“First, he needs a large turnout. Tillis will have an advantage on the airwaves and can reach a broader audience. A larger turnout will mitigate the impact of the more narrowly focused grassroots operations that FreedomWorks is running for Greg Brannon and the old Christian Coalition is likely preparing for Mark Harris.
“Second, Tillis needs a larger turnout among less ideological unaffiliated voters. In recent years, unaffiliated voters have been increasingly involved in primaries. Tillis needs to tap into those less partisan voters who are not happy with Obama and, by extension, Hagan and offer himself an alternative. He could certainly benefit from a field operation.” Read more here.
*** Plenty of news from the North Carolina political arena, and a new Charlotte mayor, all below in the Dome Morning Memo.***
The joint legislative oversight committee on emergency management meets at 9 a.m. in room 544 LOB. The oversight panel looking at public safety issues meets at 1 p.m. in room 643 LOB.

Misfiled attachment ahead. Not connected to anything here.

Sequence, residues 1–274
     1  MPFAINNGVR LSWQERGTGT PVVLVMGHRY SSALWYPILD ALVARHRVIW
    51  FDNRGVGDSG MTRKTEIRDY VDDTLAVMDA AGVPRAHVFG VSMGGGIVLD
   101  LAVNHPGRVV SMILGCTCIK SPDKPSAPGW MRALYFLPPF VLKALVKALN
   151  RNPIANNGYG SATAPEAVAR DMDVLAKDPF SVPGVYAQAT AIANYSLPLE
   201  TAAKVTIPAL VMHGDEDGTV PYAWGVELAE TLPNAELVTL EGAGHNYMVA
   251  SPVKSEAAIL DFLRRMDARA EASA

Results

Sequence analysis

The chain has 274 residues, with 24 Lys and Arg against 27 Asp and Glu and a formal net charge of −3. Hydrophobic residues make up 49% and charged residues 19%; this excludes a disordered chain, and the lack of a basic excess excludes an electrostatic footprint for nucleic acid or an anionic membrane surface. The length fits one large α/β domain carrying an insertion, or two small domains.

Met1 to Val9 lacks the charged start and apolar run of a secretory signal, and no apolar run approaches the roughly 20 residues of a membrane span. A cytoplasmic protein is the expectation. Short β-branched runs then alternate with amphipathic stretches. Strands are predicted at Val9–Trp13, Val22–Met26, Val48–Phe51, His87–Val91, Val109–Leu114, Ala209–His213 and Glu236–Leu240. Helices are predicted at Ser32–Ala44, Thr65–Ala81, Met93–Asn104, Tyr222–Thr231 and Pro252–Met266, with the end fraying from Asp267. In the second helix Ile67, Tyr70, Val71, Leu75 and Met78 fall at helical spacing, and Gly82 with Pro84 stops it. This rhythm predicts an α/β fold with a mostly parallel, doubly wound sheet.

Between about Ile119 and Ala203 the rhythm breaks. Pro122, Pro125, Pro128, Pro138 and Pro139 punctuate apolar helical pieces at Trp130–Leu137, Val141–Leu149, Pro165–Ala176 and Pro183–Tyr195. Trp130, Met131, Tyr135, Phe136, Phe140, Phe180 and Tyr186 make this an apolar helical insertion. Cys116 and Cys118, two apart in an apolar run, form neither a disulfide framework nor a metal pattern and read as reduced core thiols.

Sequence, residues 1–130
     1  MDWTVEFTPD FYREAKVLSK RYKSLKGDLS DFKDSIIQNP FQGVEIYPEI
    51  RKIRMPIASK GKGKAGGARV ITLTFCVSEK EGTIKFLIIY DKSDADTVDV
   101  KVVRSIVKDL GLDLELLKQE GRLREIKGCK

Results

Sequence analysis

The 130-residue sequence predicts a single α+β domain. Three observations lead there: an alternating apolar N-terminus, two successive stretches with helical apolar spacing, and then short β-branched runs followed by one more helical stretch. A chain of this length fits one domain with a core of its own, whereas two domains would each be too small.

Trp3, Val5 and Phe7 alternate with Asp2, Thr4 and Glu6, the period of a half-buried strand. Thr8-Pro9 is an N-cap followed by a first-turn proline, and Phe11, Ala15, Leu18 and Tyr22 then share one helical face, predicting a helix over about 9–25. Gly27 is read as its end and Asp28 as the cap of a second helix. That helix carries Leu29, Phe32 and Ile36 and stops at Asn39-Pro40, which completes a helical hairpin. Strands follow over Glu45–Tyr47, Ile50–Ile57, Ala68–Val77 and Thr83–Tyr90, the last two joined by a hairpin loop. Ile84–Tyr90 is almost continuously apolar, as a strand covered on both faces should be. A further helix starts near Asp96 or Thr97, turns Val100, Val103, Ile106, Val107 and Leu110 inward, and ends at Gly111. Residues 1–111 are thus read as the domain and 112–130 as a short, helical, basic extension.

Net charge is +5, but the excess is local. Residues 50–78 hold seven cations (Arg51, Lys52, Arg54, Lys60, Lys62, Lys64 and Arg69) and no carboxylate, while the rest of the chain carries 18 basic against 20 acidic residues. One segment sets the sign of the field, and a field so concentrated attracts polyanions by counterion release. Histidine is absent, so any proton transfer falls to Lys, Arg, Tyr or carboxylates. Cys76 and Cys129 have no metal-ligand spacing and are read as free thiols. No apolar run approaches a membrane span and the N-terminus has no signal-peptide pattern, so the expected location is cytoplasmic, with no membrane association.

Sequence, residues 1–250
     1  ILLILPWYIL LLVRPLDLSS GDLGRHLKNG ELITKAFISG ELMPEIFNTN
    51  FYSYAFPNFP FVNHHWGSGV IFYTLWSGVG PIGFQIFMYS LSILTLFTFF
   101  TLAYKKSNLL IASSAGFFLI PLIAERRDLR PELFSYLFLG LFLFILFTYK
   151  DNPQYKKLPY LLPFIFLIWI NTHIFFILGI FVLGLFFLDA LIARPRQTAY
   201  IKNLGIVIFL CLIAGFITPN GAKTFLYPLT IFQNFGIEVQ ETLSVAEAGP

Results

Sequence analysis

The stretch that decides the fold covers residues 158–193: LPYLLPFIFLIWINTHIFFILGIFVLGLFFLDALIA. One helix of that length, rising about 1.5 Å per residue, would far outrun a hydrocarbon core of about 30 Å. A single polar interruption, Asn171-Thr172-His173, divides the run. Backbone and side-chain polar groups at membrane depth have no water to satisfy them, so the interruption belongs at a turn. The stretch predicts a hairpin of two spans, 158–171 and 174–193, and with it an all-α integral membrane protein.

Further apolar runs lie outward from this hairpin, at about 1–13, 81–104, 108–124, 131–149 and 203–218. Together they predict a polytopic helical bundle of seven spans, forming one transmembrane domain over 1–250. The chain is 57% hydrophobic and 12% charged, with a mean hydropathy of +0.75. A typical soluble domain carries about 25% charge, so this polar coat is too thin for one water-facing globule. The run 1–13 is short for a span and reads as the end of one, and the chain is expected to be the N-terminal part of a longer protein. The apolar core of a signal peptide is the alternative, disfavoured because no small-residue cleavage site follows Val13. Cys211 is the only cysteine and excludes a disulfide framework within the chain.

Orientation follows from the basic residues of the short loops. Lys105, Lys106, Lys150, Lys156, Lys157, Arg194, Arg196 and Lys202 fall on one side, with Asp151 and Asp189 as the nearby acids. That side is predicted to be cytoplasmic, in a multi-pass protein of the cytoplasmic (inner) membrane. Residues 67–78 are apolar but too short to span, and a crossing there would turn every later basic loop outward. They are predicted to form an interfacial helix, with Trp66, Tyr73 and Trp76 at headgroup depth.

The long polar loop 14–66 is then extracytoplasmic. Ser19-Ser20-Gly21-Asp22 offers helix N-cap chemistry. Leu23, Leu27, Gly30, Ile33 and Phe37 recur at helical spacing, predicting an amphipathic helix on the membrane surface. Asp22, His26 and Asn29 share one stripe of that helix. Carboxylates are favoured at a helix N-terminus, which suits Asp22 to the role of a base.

Senate candidate Greg Brannon is scheduled to appear live in the studio with Glenn Beck at 10 a.m. in Dallas and appear on Beck’s TV program at 5 p.m. ET.
Supporters of Uriah Ward, the lone Democrat running in the House District 9 race, released information about Ashley Bleau, one of two Republicans running for the District 9 seat. (He is challenging incumbent Rep. Brian Brown.)
After reviewing Mr. Bleau’s lengthy criminal record, and realizing the severity of the charges — including felony assault with a deadly weapon, possession of illegal drugs, driving under the influence, and repeated speeding tickets and driving with a revoked license — the campaign feels it has a duty to ensure that the citizens of the district have all the information necessary to best evaluate who will represent them in the General Assembly,” Alicia Speedy, Ward’s campaign manager, said. Read more here.